FRED Watch Quickie Film Review: Paper Planes (2015)


I’m a Wayne Stellini and welcome to FRED Watch, where we review everything from the mainstream to the obscure. Today’s film is Paper Planes

Roadshow Films.

Upon discovering that he has a talent for making paper aeroplanes, Dylan Webber (Ed Oxenbould) works towards competing in the World Paper Plane Championships in Japan, if only to reconnect with his grieving father (Sam Worthington).

Paper Planes’s premise is simple and there aren’t any surprises lurking within Robert Connolly and Steve Worland’s sometimes corny screenplay. But, when you have a film that is abundant in positive messages and innocent charm, who cares?

The hero of the piece, upon whose shoulders the success of the film rests, is Oxenbould, who is one of the most likeable young actors cinema has offered in a long time. His rapport with other male cast members allows for an interesting depiction of masculinities, and offers some lovely scenes between Dylan and his father, portrayed by an underused but nonetheless solid Worthington, and grandfather, a charismatic Terry Norris. There are only two noteworthy speaking roles for women here, played by Ena Imai and Deborah Mailman; the latter isn’t given much to do, but Mailman is such a strong screen presence, she makes the most with very little.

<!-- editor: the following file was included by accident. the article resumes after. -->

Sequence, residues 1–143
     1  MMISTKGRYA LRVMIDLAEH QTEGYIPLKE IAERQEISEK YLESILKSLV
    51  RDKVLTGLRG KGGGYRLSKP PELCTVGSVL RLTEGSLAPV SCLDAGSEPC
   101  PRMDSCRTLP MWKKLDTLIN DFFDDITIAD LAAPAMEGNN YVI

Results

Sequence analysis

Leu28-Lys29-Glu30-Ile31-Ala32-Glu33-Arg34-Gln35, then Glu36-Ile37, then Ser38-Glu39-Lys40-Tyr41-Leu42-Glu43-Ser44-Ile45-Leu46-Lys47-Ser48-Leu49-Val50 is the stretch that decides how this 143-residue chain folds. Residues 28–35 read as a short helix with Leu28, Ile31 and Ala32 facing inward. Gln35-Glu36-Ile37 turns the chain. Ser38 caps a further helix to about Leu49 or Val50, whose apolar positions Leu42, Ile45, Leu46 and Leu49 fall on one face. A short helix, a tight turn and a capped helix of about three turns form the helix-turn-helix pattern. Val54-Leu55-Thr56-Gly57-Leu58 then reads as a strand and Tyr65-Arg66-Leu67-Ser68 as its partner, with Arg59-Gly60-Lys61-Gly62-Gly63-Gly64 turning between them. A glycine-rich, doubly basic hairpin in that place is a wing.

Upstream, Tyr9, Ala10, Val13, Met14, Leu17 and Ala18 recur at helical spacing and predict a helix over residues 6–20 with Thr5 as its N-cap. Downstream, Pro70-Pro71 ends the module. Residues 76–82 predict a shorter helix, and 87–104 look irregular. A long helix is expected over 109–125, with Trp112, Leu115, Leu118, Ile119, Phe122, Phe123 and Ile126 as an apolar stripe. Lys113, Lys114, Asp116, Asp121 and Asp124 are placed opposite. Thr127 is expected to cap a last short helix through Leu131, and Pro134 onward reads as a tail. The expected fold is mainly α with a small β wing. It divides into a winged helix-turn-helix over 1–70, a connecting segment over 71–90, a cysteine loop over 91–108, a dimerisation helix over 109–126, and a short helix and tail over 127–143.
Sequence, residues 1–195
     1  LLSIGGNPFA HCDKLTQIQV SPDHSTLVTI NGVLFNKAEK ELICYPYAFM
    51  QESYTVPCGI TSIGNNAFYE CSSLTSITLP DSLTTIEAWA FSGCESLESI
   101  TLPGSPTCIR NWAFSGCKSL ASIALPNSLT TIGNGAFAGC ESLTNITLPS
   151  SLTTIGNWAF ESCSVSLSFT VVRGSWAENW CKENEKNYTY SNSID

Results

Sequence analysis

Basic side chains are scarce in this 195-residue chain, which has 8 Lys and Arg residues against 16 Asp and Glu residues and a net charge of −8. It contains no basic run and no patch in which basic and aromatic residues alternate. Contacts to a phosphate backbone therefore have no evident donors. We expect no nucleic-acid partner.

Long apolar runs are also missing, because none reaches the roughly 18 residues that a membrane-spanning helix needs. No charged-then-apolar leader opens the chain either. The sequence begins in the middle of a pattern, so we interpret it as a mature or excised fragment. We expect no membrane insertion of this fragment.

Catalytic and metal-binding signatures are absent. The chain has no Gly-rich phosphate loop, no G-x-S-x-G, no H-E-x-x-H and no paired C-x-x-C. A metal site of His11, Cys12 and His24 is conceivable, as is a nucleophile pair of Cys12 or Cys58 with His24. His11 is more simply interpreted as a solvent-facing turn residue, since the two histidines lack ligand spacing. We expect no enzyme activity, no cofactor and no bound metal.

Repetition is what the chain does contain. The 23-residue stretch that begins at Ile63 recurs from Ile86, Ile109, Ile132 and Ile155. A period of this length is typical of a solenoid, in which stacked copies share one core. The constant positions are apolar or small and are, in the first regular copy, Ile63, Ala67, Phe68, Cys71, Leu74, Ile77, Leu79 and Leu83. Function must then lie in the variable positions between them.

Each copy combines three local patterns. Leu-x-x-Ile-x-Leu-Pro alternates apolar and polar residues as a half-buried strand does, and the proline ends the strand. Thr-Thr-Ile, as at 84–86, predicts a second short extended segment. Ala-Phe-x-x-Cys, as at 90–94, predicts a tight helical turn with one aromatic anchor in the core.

Beautifully photographed by Tristan Milani, Connolly’s pint-sized underdog story will not only appeal to its young target audience, but will find favour with accompanying adults. You would have to be an absolute cynic not to get caught up in Dylan’s quest to be a winner. 3½ / 5

Starring: Sam Worthington, Ed Oxenbould, Ena Imai, Nicholas Bakopoulos-Cooke, Julian Dennison, David Wenham, Deborah Mailman, Peter Rowsthorn, Terry Norris.

Director: Robert Connolly | Producers: Robert Connolly, Liz Kearney, Maggie Miles | Writers: Robert Connolly, Steve Worland | Music: Nigel Westlake | Cinematographer: Tristan Milani | Editor: Nick Meyers

Available: DVD, Blu-ray, and stan.

Let us know what you thought of this film in the comments!

I’ve been a Wayne Stellini and you’ve just experienced FRED Watch.

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